Clarence School Enrichment Fund : Fixing What We Broke
Last week, the Clarence School Enrichment Fund presented a check for almost $40,000 to restore certain clubs and sports that had been cut in the wake of the Spring’s budget fiasco. That sum was paid to the Board of Education in order to enable those Fall semester activities to be able to prepare for a school year that begins in just a few weeks. The check was presented to the board by the CSEF board and by two little girls who raised money for CSEF with a lemonade stand.
More than 100 donors pieced together nearly $40,000 to give to the School Board on Wednesday night – enough to restore modified and freshman sports for the fall season.
At the time the check was presented, the CSEF had actually raised over $70,000. Only a part of that was paid to the district to ensure that certain sports and clubs would be restored. In fact, four clubs – science, foreign language, Latin, and technology – were funded with that money. All the Fall sports that had been cut were restored. At last check, 250 families had joined the “1000 families challenge” where folks were asked to donate the difference between their actual tax bill, and what their school tax bill would have been had the 9% budget increase been passed in May.
But [the CSEF cautions] that they won’t be around every year to close the gap between the programs that students want and funds the school is able to provide. “This is a one-year deal,” Cerza warned. “We’re going to have to find a way to get these things back into the budget.”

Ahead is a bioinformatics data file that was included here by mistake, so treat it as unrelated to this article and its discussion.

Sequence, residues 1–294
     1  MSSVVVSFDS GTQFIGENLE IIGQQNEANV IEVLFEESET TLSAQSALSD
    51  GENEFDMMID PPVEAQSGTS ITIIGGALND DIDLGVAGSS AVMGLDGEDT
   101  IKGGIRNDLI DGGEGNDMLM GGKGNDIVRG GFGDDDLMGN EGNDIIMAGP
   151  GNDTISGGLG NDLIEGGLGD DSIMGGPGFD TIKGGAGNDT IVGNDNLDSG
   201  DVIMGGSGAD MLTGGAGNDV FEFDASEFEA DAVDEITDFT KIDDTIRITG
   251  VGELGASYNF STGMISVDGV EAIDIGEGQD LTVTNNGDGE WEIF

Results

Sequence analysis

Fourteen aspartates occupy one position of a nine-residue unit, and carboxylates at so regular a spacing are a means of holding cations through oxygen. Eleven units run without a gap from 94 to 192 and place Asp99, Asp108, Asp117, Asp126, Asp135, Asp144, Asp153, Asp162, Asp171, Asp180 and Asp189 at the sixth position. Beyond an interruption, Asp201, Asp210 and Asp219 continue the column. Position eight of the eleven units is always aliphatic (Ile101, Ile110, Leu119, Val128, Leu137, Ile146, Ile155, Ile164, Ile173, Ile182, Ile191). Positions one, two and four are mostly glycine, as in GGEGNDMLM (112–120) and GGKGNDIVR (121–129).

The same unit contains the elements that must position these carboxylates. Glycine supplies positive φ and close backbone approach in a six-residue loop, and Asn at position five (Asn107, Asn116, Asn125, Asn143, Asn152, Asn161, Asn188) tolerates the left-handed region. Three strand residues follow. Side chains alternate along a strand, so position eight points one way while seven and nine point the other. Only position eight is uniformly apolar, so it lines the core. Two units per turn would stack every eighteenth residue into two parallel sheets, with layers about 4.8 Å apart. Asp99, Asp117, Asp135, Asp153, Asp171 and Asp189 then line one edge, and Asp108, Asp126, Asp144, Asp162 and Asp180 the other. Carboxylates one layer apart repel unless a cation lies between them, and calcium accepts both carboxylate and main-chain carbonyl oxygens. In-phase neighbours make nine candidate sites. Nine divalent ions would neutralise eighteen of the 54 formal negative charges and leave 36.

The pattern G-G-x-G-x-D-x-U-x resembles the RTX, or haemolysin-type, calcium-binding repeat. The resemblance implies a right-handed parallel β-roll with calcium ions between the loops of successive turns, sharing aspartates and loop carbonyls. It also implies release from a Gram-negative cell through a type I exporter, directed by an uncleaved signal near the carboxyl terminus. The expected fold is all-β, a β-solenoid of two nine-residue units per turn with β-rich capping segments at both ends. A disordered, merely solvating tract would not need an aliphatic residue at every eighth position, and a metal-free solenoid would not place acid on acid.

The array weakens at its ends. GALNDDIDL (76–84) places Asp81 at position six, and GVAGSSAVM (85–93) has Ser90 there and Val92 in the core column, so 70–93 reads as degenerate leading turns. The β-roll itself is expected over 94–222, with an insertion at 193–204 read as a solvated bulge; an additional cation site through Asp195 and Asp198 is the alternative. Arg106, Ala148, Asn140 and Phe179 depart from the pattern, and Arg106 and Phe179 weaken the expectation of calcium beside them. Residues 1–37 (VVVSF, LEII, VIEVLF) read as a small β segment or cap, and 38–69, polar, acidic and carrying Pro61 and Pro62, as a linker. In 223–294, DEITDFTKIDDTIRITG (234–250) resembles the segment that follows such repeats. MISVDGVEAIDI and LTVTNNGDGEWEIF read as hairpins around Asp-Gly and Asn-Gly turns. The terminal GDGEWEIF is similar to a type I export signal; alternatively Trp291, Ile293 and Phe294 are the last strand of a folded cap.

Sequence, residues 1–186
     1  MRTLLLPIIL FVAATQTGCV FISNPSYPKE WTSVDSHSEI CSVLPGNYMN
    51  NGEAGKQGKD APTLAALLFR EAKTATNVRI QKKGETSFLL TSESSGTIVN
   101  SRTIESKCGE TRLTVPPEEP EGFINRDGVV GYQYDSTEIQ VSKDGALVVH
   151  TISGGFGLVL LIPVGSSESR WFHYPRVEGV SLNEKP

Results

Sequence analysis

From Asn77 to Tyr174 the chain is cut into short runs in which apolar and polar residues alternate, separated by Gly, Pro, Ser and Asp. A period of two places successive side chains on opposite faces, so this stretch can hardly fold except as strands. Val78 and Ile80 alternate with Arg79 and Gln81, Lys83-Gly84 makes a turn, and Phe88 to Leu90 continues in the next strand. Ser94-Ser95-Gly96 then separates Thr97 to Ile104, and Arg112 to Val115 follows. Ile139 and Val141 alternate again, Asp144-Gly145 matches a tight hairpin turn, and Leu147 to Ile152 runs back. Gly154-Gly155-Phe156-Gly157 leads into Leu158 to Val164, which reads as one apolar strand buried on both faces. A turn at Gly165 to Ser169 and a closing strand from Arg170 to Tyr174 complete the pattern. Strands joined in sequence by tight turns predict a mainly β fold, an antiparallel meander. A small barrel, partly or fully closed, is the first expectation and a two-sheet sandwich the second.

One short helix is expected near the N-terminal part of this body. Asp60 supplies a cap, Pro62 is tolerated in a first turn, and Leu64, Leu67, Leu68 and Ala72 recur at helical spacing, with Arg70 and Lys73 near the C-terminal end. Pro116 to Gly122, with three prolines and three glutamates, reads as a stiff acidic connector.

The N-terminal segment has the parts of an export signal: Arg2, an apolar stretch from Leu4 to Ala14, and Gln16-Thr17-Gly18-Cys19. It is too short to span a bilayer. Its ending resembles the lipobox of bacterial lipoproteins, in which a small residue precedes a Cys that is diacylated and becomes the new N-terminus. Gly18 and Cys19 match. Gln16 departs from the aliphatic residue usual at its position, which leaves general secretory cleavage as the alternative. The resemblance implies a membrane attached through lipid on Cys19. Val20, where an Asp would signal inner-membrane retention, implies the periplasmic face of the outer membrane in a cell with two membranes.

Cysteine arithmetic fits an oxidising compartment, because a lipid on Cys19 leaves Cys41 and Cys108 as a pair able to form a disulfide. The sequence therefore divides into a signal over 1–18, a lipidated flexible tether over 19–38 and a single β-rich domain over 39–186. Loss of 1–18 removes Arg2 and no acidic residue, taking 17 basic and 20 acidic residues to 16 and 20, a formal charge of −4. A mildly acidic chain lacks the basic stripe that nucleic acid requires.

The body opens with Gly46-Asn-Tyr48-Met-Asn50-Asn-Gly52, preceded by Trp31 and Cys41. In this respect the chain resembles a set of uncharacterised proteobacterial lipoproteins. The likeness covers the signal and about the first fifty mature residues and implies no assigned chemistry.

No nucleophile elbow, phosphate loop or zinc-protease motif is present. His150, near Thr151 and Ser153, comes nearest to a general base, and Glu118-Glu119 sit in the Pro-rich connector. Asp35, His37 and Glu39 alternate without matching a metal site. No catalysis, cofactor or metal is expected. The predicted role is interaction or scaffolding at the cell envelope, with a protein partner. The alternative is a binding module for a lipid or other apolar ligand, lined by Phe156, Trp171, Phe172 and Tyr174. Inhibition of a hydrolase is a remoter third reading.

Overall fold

After this year, the organization will likely exist as a booster club to buy minor items like soccer balls and uniforms, but as for the teams themselves, “it’s going to be up to the school to reinstate them in the future,” he said.
Everything I’ve heard about the CSEF is that it was originally constituted not to fund picayune things like balls and uniforms, but big-ticket capital projects that the district can’t – or won’t – fund. The Foundation accelerated its fundraising efforts to expedite private funding – for only one year – of programs cut from the budget. It has consistently stated that it expects the district to restore these sports, clubs, teams, courses, and activities on its own next year.
As of today, the CSEF has raised over $76,000 in just about 6 weeks, and people can now help just by dining at Brennan’s any Monday night – the restaurant will be donating 10% of the take every week to the CSEF.
That will be the big danger – that the tea party forces that manufactured last Spring’s crisis will use the CSEF to argue that the district needs to divest itself of even more people and programs because the private sector can do it on its own. This is a battle for which the school supporters will be prepared. Business as usual isn’t.